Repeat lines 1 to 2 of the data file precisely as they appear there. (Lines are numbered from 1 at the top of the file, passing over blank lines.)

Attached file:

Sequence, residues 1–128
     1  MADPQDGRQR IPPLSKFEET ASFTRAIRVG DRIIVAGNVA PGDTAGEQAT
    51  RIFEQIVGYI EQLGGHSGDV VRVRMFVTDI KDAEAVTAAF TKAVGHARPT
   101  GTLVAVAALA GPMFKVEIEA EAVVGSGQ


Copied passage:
Sequence, residues 1–128
     1  MADPQDGRQR IPPLSKFEET ASFTRAIRVG DRIIVAGNVA PGDTAGEQAT